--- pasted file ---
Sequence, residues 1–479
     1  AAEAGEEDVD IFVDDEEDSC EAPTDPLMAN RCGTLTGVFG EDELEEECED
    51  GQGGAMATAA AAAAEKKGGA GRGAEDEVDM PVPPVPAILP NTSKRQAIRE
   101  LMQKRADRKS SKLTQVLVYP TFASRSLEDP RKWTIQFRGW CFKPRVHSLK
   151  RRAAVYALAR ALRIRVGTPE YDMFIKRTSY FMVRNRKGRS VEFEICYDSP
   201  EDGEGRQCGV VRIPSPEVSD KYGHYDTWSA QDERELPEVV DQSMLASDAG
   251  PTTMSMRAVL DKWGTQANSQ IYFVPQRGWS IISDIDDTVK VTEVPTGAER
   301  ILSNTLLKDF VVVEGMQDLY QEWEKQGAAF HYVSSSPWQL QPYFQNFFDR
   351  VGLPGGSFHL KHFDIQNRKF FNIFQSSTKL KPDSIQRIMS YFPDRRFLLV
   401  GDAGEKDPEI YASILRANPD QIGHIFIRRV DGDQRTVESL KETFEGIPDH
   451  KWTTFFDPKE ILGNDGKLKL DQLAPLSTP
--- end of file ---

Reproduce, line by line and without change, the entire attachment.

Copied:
Sequence, residues 1–479
     1  AAEAGEEDVD IFVDDEEDSC EAPTDPLMAN RCGTLTGVFG EDELEEECED
    51  GQGGAMATAA AAAAEKKGGA GRGAEDEVDM PVPPVPAILP NTSKRQAIRE
   101  LMQKRADRKS SKLTQVLVYP TFASRSLEDP RKWTIQFRGW CFKPRVHSLK
   151  RRAAVYALAR ALRIRVGTPE YDMFIKRTSY FMVRNRKGRS VEFEICYDSP
   201  EDGEGRQCGV VRIPSPEVSD KYGHYDTWSA QDERELPEVV DQSMLASDAG
   251  PTTMSMRAVL DKWGTQANSQ IYFVPQRGWS IISDIDDTVK VTEVPTGAER
   301  ILSNTLLKDF VVVEGMQDLY QEWEKQGAAF HYVSSSPWQL QPYFQNFFDR
   351  VGLPGGSFHL KHFDIQNRKF FNIFQSSTKL KPDSIQRIMS YFPDRRFLLV
   401  GDAGEKDPEI YASILRANPD QIGHIFIRRV DGDQRTVESL KETFEGIPDH
   451  KWTTFFDPKE ILGNDGKLKL DQLAPLSTP